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Administrative Plan Costs for Managed Care Payers Jumped 5.7% in 2017

Managed care payers experienced an increase in administrative plan costs in 2017 to properly staff and operate Medicaid plans.

Managed care administrative costs rose by 5.7 percent in 2017.

Source: Thinkstock

By Thomas Beaton

- Managed care payers experienced a 5.7 percent increase in administrative plan costs in 2017, for items such as staffing and customer service support, according to an analysis from the Sherlock Company.

Spikes in Medicaid enrollment generally drove administrative cost increases for managed care payers, the analysis found.

Health plan management costs for managed care payers continued to grow year-to-year as Medicaid enrollment grew by roughly 7 million members. The researchers found that national Medicaid enrollment increased from 6.6 percent of all insured beneficiaries in the United States during 2016 to 7.7 percent in 2017.

However, other market factors, including healthcare inflation, premium growth, and healthcare spending, also increased and influenced payer administrative costs, the team said.

In 2017, the cost of managing provider networks, beneficiary memberships, and other corporate services increased for the average managed care payer.

The Sherlock team found that provider and medical network management costs grew by 5.7 percent in 2017, compared to a 2.5 percent increase in 2016. These costs included payer expenses for negotiating provider contracts, administering wellness and chronic disease management programs, and conducting medical utilization reviews.  

Costs related to account and beneficiary membership administration increased by 5.9 percent for managed care payers in 2017. The analysts said that membership administrative costs increased for operations including beneficiary enrollment, billing, and customer service.

The largest cost increase in managed care administrative costs was for corporate services such as auditing, accounting, risk management, human resources, and legal and compliance functions. Corporate service costs grew by 12 percent for managed care payers in 2017, the team estimated.

In addition, sales and marketing costs for managed care payers significantly increased between 2016 and 2017.

In 2016, managed care payers spent 0.3 percent less on sales and marketing outreach than in 2015. However, managed care payers experienced a 5.6 percent increase in outreach, advertising, and underwriting costs in 2017.

Managed care payers might need to finance new solutions to improve health plan administration since their administrative costs are starting to reach similar rates as larger commercial payers.

The team found that managed care plans spent roughly 7.1 percent of their premium revenues on administrative expenses in 2017. Meanwhile, commercial payers spent 9.7 percent of premium revenues on health plan administration and Medicare plans spent 10.4 percent of premiums on the same categories.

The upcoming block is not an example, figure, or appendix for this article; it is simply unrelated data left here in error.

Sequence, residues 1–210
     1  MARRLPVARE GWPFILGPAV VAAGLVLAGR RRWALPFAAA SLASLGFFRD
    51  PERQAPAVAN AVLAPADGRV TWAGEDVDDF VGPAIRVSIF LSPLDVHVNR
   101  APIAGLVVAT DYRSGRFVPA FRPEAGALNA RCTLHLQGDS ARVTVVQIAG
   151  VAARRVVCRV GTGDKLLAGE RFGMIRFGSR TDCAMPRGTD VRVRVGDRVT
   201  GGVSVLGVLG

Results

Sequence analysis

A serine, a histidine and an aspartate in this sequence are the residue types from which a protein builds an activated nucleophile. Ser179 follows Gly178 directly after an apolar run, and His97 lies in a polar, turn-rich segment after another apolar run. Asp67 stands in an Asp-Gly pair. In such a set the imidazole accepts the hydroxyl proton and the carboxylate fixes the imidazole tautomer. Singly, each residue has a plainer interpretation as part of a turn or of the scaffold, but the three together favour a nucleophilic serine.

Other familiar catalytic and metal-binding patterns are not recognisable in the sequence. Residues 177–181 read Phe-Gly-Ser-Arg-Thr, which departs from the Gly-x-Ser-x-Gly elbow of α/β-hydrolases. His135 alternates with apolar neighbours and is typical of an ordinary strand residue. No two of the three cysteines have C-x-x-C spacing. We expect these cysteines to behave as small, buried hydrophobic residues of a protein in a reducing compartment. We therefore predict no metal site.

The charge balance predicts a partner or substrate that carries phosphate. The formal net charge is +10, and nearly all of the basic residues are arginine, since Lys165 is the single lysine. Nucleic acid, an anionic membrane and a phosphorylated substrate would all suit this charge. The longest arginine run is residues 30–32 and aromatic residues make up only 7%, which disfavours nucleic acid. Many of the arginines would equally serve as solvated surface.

However, managed care payers are more likely to spend significant funds on clinical care for Medicaid beneficiaries rather than on administrative optimization. Nationally, Medicaid beneficiaries face significant socioeconomic challenges and have higher healthcare needs than commercially-insured individuals.

“We don’t know the reason for the low percent of premium administration and the high per-member per-month administration costs displayed within Medicaid,” the analysts said. “One possibility is that the Medicaid-focused plans serve members requiring a higher degree of administrative support: their more intense care needs may be associated with greater medical management and claims costs.”

The findings represent just a few of the spending challenges associated with managed care organization and indicate that new polices, or payment models, may be needed to lower managed care spending.

The Congressional Budget Office (CBO) found that managed care spending accounted for 38 percent of all Medicaid spending in 2012, as a greater portion of states implemented managed care organizations (MCO) contracted payers to administer Medicaid.

CBO explained the idea that private payers can administer Medicaid programs in a cost-effective manner is encouraging to states that want to lower spending, but may sometimes fall short of cost-reduction goals.  

 “States might implement Medicaid managed care for a variety of reasons,” CBO explained. “Two of the most often cited are to increase the predictability of spending and to improve the coordination of care. Proponents of managed care suggest that competition between MCOs reduces spending and improves outcomes. To date, however, studies of managed care have not found consistent evidence to support those claims.”

State governments including Ohio and Rhode Island have taken steps to effective reform managed care programs into a pay-for-performance system that promotes cost-effectiveness.

In Ohio, state lawmakers adopted a payment model that allows managed care payers to pay discounted rates for prescription drugs like in-state pharmacy benefit managers. Separately, Rhode Island added value-based care provisions, such as bundled payments and quality adjustment provider reimbursement, to their Medicaid program.
 

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